Prospects for the planned merger of Sprint (S) and T-Mobile (TMUS) brightened considerably after reports surfaced claiming that the Department of Justice believes three national 5G wireless providers are sufficient to ensure fair and effective competition.
The proposed $26.5 billion deal between the two carriers comes after numerous failed attempts. The deal, which is in the initial stages of regulatory approval, is estimated to bring in annual cost savings of over $6 billion for the combined entity.
New York Post reported that US regulators believed that just three national providers were adequate, which sent the shares of both Sprint and T-Mobile up sharply on Monday.
The duo aims to create an entity that is strong enough to take on top rivals Verizon (VZ) and AT&T (T), both of which are way ahead in the 5G race. Sprint and T-Mobile have argued that they must join forces in order to compete.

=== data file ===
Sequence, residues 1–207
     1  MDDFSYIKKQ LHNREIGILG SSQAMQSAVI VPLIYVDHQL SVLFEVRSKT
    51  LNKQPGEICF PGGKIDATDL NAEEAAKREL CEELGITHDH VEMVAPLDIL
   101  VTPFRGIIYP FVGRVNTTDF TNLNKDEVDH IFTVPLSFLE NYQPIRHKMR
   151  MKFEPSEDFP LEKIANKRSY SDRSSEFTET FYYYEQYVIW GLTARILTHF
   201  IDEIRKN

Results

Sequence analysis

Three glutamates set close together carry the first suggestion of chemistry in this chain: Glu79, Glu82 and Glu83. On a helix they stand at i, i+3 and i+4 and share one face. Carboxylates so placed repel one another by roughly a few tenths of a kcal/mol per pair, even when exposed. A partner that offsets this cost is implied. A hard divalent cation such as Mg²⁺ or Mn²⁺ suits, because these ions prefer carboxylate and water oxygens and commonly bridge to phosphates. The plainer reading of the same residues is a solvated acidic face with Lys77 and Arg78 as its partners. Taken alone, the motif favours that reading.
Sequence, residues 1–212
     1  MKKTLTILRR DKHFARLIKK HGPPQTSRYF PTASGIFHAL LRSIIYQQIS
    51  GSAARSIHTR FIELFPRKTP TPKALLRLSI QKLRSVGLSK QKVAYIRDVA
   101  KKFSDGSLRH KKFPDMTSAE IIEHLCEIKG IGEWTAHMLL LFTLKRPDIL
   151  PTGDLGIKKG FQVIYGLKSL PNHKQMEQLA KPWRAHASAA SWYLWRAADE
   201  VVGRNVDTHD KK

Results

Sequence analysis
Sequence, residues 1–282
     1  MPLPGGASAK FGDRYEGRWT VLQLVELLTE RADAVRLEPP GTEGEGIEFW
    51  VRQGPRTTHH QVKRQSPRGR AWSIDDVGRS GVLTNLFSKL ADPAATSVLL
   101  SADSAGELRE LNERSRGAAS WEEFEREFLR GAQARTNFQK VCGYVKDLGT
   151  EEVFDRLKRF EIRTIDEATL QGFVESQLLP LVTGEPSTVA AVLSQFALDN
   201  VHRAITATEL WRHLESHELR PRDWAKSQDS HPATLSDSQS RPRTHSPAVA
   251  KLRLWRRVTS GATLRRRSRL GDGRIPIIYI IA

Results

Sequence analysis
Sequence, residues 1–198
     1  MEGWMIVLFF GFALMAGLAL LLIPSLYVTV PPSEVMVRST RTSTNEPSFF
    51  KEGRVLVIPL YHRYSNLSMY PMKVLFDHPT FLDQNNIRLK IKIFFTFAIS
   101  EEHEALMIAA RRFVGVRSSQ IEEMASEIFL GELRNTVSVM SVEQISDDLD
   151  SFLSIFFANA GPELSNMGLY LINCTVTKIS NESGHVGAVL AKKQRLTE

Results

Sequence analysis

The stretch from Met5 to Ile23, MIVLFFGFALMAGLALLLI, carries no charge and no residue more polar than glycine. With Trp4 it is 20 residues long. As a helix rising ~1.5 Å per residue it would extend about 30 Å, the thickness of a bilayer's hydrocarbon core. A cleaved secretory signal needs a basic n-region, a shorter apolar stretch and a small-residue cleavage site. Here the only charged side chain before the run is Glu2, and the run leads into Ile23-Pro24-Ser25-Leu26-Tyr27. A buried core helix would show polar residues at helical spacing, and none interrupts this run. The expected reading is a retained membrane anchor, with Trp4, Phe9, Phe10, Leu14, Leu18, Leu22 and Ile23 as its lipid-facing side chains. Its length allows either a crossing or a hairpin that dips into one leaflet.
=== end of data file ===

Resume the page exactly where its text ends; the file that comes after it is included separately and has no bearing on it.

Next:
If the deal wins an approval from the Justice Department and FCC, the combined company will have over 127 million customers and will be in a better position for the deployment of 5G technology.
Deutsche Telekom, which owns over 63% of T-Mobile believes that the deal will make it through. Timotheus Hottges, CEO of Deutsche Telekom said the deal is good for the consumers as well as the country as a whole.
T-Mobile’s latest effort to convince regulators
Consumer groups have voiced concerns about the deal stating there will be a hike in prices if the two companies are allowed to merge. In order to convince the regulators that the merger would benefit customers, T-Mobile this week rolled a new plan called ‘T-Mobile Essentials’.
The unlimited data, talk monthly plan starts at $60 for a single line. The company will charge $30 for the second line and an additional line can be availed by paying extra $15. This new plan matches Sprint’s unlimited plan and is less than the base offer at Verizon.